Negro of Banyoles
The "negro of Banyoles" (Catalan: negre de Banyoles) was a controversial piece of taxidermy of a San person which used to be a major attraction in the Darder Museum of Banyoles (Catalonia, Spain). In 2000, the remains of the man were sent to Botswana for burial.
In the early 1830s, the Verreaux brothers mounted the corpse of a San person. In 1916, it was acquired by the Darder Museum of Banyoles. The body remained in the museum without any controversies until 29 October 1991, when Alphonse Arcelin, a Spanish doctor of Haitian origin living in Cambrils where he was a PSC councillor, wrote a letter to the mayor of Banyoles, asking him to remove the San's remains from public view. The incident attracted the attention of the press which made it widely known.
The first step for the return of the "negre" to Botswana was made in 1991, when the then-secretary of UNESCO, Federico Mayor Zaragoza, met the mayor of Banyoles. Later, when Kofi Annan reached the position of Secretary-General of the United Nations, he became interested in the issue and also spoke with the mayor of Banyoles.
By that time, the "negre" had become so notorious that it was quite usual to hear references made to the mounted San in diplomatic announcements. Some African governments were showing their support for Arcelín, who had sent several letters to the press and various heads of government. The issue worried many international museum associations because it made them fear that human remains kept for research in museums might have to be returned to their original locations.
In 1997, the issue was discussed in several sessions in both the UN and the Organisation of African Unity. Later, in March of that year, the item was removed from the Darder Museum. While it was described in El Mundo as a relic of colonialism. The removal bothered people in Banyoles because there he was considered as "a member of the family".
Return to Africa
Botswana's government offered help to the OAU to bury the man, once all of his remains had been returned to Africa. In 2000, after the loincloth, feathered head-dress and spear he had worn in Banyoles were removed, the body was sent to the National Museum of Anthropology of Madrid where artificial parts including a wooden spine, eyes, hair, genitals and other external organs were removed. The skull and remaining bones were then sent to Botswana in a coffin where they arrived on 4 October. He was buried on 5 October in the national park of Tsolofelo.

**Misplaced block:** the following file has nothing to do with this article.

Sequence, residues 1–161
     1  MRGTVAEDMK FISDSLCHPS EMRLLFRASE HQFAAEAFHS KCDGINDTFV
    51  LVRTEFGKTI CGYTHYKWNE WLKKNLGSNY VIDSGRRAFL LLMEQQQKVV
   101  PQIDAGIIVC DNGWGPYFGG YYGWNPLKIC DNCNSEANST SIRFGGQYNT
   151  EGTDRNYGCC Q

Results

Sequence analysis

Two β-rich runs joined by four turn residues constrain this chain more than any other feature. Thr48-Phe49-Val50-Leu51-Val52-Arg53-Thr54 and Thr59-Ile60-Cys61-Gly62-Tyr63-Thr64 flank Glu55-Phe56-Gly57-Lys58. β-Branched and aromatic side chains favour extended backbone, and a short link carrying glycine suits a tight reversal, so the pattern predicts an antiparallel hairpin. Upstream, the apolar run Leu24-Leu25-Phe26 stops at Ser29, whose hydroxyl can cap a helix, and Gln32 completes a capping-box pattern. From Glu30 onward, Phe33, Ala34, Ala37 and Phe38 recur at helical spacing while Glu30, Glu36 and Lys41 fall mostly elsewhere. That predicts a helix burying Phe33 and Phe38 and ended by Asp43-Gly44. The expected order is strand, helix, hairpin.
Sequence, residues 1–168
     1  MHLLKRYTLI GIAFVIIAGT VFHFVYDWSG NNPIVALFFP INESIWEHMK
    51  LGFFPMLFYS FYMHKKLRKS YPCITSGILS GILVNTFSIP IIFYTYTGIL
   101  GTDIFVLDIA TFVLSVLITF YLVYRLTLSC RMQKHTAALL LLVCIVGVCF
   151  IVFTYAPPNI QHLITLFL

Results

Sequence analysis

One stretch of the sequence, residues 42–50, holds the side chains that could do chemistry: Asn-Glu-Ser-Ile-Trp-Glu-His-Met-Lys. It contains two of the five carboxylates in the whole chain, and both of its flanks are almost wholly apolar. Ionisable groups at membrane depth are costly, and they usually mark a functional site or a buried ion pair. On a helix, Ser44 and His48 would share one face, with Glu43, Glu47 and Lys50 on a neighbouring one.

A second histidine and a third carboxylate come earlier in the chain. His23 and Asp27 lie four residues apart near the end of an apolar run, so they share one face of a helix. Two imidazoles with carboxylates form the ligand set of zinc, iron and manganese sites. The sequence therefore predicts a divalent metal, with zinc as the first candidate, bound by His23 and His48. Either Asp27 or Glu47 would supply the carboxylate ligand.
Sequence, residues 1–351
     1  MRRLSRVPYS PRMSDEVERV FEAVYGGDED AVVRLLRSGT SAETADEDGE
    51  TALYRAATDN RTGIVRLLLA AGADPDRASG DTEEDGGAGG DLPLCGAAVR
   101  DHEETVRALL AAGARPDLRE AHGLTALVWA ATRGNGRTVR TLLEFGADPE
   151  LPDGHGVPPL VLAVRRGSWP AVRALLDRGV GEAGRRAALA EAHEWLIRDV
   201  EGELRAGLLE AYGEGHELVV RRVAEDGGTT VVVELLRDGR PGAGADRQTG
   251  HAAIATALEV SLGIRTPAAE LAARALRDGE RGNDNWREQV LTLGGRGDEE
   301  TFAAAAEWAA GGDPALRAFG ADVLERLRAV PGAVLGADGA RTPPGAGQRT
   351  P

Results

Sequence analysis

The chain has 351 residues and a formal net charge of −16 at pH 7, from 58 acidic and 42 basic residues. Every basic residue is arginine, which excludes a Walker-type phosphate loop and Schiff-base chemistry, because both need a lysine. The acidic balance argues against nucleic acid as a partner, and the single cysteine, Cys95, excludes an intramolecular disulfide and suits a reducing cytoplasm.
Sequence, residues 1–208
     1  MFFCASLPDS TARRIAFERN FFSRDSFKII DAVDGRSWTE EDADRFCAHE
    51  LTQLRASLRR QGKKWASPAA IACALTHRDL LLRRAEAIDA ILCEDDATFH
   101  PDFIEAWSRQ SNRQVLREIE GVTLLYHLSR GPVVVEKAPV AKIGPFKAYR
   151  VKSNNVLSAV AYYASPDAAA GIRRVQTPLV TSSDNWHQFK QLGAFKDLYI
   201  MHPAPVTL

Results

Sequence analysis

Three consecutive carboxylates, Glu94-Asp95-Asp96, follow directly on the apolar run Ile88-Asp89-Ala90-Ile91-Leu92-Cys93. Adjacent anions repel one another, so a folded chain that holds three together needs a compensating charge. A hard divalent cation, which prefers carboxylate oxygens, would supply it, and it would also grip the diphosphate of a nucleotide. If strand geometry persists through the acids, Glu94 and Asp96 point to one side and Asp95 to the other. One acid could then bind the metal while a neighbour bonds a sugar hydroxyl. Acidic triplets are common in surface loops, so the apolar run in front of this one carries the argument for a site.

The Darder Museum currently avoids any references to the controversy of the "negro of Banyoles". The only remembrance of the San in the museum is a silent video with black and white images shown in a little plasma screen which allows viewers to see the mounted man as he was exposed until being removed from the museum.
- Davies, Caitlin: The Return of El Negro. Johannesburg: Penguin Books 2003.
- Fock, Stefanie: »Un individu de raça negroide«. El Negro und die Wunderkammern des Rassismus. In: Entfremdete Körper. Rassismus als Leichenschändung, ed. Wulf D. Hund. Bielefeld: transcript 2009, pp. 165 – 204.
- Westermann, Frank: El Negro en ik. Amsterdam: Atlas 2004.
- Antón, Jacinto. "Un libro revela que Cuvier conocía al Negro de Banyoles". www.elpais.com (in Spanish). Retrieved 2007-10-26.
- Yániz, Juan Pedro. "Vitrina de la polémica". ABC.es (in Spanish). Retrieved 2007-10-26.
- Moret, Xavier. "De Banyoles a Botswana". elPeriódico.cat (in Catalan). Retrieved 2007-10-26.[dead link]
- Remains disappoint many, 6 October 2000, BOPA Daily News.
- «Lo trataron como a un antílope», El Mundo, 4 October 2000.
- Natalia Iglesias and Pere Duran. "El nuevo Museo Darder evita cualquier referencia a la polémica del 'Negro de Banyoles'". www.elpais.com (in Spanish). Retrieved 2007-10-26.
- "Final feliz para "el negro de Banyoles"". www.elmundo.es (in Spanish). Retrieved 2007-10-26.
- "España sólo devuelve huesos del negro de Banyoles". www.xornal.com (in Spanish). Retrieved 2007-10-31.